Our multiplexes need another period coming-of-age flick about as much as the nation needs another banking industry bailout, yet Adventureland proves to be a modest surprise. For that, thank the efforts of a talented ensemble and a screenplay that mostly steers clear of the usual gross-out gags that have come to define this sub-genre in modern times. Jesse Eisenberg, who appears to be a Michael Cera wannabe until you remember that he's been around as long as the Juno actor (and more prominently in the early years, thanks to key roles in Roger Dodger and The Squid and the Whale), stars as James, whose best-laid plans to attend grad school are dismantled by a sudden lack of funds. Bummed, he's forced to take a minimum-wage job working the game booths at the Pittsburgh amusement park Wonderland. He spends an exorbitant amount of time smoking pot and goofing around with his co-workers, but what really makes the gig endurable is his burgeoning relationship with a fellow employee, the pretty if often moody Em (Twilight's Kristen Stewart). What James doesn't know, however, is that Em is involved with the park's older, married handyman (Ryan Reynolds), a situation that becomes difficult to manage once James and Em start spending more time together. Adventureland was written and directed by Superbad's Greg Mottola, and he frequently has trouble nailing the 1980s milieu in which the film is set: Some scenes are visually so nondescript that it's easy to forget the time frame and assume the movie takes place in the here and now. Eisenberg is exemplary as the nerdy intellectual whose sensitivity and demeanor attract rather than repel women -- here's that rare youth flick where it's actually believable that the geek gets the girl -- while Stewart again demonstrates her standing as one of our most promising young actresses by ably tackling the script's most complicated role.
Duplicity is a jet-setting romp that proves to be as bright as it is brainy. Writer-director Tony Gilroy, flush from his Michael Clayton success, retains that film's examination of corporate malfeasance yet replaces the sense of dread with a sense of style. After all, when a movie showcases a Caribbean hotel where rooms cost $10,000 per night, it's clear that the protagonists won't be cut from the same cloth as us po' folks who have to worry about trifling matters like soaring unemployment rates and obstructionist Republican Congressmen. Indeed, the leads are played by Julia Roberts and Clive Owen, the sort of high-wattage movie stars so glamorous that it's easy to believe even their bath tissues are Armani-designed. She's former CIA agent Claire Stenwick; he's ex-MI6 operative Ray Koval. Having both left their jobs to take lucrative assignments with rival corporations (the company CEOs are played in amusing fashion by Tom Wilkinson and Paul Giamatti), both Claire and Ray end up pooling their talents in order to swindle both companies and steal the formula for a new cosmetic product that will revolutionize the industry. But as they work overtime to insure they're always one step ahead of their respective companies' key personnel (not a dummy among them), Claire and Ray each wonder whether they can really trust the other person. If there's a fault with Duplicity, it's that Gilroy relies far too heavily on fastbacks and flashbacks-within-flashbacks to the point that the first half-hour is often impenetrable -- telling the story in linear fashion would have still produced enough narrative twists to keep audiences happily engaged. Fortunately, as the movie continues, plot basics become more digestible, and it all pans out with a climactic "gotcha" that should invoke happy memories of The Sting.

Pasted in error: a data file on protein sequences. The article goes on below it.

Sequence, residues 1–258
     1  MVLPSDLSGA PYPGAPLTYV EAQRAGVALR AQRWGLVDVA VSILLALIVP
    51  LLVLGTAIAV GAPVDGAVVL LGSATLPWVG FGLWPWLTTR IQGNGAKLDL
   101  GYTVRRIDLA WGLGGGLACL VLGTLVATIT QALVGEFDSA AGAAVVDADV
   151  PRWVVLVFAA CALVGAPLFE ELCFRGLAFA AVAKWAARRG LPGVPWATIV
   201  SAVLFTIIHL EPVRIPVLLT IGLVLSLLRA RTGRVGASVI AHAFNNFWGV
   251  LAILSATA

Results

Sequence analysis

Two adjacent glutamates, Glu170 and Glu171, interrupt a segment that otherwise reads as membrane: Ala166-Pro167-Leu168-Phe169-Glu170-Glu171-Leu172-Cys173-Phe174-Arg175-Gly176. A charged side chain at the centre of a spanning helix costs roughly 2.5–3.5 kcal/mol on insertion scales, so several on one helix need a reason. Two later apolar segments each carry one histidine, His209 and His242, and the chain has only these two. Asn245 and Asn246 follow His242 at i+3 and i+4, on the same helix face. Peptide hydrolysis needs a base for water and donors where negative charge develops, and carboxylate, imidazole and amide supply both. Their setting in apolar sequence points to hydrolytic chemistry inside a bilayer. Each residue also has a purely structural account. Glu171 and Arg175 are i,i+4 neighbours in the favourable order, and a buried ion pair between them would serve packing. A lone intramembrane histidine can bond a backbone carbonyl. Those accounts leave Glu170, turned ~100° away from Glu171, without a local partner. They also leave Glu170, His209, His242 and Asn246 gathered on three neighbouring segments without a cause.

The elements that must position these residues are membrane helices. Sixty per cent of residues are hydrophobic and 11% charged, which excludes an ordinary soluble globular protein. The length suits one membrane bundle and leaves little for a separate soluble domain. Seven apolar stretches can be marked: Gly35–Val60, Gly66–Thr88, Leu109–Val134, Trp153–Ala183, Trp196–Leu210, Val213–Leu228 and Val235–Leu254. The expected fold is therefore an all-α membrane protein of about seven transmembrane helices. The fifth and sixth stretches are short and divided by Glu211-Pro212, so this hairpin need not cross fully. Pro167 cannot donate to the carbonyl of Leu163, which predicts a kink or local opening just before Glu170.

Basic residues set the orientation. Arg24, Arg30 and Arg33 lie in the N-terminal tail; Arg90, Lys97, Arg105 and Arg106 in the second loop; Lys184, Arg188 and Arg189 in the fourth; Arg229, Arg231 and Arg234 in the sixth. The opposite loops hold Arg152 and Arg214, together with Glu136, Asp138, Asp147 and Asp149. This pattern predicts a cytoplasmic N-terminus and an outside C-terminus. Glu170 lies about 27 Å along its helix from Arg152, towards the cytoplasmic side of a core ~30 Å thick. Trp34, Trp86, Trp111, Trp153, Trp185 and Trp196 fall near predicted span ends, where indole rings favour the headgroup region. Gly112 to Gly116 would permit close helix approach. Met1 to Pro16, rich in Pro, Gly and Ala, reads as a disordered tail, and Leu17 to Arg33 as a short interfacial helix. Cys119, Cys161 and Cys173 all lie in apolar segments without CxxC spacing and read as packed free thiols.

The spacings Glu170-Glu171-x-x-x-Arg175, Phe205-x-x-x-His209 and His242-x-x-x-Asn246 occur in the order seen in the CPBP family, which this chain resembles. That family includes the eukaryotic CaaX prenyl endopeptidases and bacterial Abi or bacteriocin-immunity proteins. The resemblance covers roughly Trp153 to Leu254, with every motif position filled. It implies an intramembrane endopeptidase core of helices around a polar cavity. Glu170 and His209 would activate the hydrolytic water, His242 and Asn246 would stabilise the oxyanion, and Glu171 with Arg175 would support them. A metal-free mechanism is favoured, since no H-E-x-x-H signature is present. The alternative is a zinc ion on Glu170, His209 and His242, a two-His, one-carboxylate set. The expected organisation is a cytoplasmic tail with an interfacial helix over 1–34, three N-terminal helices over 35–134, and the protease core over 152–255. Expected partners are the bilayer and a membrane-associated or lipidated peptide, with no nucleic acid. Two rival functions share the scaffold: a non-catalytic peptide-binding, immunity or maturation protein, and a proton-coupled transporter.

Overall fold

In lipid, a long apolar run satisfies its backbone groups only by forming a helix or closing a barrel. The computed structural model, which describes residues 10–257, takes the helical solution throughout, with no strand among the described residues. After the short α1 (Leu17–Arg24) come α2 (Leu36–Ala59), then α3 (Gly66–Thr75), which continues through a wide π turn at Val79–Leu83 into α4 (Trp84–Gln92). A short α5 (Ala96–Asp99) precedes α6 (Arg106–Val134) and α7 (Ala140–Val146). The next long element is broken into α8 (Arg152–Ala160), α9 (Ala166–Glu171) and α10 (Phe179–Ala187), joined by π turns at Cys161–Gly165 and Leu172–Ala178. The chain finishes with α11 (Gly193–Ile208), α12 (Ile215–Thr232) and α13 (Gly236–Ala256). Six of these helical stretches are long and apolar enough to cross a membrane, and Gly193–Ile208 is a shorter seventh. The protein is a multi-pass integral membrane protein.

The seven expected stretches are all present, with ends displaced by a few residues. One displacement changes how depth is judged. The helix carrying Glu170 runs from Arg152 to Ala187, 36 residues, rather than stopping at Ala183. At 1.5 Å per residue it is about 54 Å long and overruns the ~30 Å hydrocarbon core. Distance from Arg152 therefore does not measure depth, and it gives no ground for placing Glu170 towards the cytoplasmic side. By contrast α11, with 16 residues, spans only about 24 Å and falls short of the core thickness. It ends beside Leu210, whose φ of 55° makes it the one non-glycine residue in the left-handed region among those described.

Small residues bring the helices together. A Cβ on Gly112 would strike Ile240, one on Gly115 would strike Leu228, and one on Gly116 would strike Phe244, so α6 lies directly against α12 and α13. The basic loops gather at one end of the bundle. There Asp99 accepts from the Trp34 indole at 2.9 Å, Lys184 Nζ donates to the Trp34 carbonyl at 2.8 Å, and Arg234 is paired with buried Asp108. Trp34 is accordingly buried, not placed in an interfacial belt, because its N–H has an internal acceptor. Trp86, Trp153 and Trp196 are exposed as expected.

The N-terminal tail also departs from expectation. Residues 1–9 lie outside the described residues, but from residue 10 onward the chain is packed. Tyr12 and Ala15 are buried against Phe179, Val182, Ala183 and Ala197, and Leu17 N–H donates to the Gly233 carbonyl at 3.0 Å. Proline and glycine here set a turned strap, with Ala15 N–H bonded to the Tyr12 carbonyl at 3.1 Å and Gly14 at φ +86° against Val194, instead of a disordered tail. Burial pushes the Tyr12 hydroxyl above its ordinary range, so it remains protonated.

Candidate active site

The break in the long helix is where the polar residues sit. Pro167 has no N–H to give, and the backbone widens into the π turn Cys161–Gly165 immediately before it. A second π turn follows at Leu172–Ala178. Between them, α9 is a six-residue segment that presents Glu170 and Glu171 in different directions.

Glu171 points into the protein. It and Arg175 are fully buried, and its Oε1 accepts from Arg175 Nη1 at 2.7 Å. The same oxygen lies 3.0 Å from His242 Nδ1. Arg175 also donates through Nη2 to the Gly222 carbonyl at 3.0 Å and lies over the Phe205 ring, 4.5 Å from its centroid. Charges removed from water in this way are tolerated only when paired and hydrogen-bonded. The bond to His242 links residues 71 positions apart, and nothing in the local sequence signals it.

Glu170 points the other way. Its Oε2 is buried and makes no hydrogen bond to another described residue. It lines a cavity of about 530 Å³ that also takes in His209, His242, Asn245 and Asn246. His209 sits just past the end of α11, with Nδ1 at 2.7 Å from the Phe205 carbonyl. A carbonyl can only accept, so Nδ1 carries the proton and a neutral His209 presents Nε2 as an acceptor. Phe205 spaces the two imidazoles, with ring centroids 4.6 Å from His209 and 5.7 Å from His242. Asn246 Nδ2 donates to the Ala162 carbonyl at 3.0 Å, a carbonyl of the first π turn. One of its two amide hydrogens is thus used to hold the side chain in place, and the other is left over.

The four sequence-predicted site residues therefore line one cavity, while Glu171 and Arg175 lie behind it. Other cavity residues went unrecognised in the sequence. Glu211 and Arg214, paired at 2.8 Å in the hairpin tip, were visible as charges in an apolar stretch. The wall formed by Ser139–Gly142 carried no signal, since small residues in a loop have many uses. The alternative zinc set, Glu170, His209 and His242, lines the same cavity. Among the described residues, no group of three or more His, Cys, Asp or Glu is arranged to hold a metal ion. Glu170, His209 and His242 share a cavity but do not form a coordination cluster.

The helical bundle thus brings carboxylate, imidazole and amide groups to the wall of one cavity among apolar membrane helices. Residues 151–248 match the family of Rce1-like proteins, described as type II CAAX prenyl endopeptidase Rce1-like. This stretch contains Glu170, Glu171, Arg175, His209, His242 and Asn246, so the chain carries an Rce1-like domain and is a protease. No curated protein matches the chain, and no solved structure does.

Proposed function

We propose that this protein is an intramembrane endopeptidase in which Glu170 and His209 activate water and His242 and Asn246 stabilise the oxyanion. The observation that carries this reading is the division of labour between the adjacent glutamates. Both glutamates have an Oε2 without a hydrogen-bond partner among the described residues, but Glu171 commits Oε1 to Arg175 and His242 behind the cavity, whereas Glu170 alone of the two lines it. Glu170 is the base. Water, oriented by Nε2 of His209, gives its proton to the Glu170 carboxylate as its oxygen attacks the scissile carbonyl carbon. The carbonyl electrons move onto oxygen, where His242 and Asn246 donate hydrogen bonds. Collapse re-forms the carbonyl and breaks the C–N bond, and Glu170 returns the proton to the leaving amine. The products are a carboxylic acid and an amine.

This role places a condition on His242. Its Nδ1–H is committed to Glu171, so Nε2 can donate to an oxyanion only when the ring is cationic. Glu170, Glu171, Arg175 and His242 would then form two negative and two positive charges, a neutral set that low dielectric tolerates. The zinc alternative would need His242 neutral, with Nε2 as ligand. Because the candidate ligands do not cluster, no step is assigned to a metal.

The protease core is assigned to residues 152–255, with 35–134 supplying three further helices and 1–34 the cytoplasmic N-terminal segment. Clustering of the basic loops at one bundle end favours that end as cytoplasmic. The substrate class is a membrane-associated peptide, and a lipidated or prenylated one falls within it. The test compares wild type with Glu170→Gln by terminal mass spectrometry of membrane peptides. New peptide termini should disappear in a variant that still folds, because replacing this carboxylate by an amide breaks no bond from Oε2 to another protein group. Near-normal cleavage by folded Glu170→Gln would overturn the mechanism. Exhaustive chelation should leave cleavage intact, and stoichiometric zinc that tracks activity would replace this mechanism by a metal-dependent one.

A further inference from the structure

With its plotline involving extraterrestrials, a kid in potential peril, and a man obsessed with uncovering the truth behind unexplained phenomena, this could easily have been tagged Clod Encounters of the Absurd Kind. Sober in its intentions but laughable in its execution, Knowing begins promisingly, as a letter written by a little girl in 1959 finds itself, 50 years later, in the hands of John Koestler (Cage), an MIT professor whose wife died in a hotel fire a year earlier and who now must raise his son Caleb (Chandler Canterbury) by himself. Koestler soon figures out that the piece of paper, on which the child scrawled nothing but a lengthy series of numbers, actually foretold all the major disasters of the past five decades. The problem is that three of the prophesied disasters have yet to occur, leaving Koestler in the unenviable position of trying to figure out how to stop large-scale tragedies from taking place. Meanwhile, a group of shadowy figures spend their time trailing young Caleb; they're meant to appear menacing, but that's hard to accomplish when they basically all look like Sting impersonators.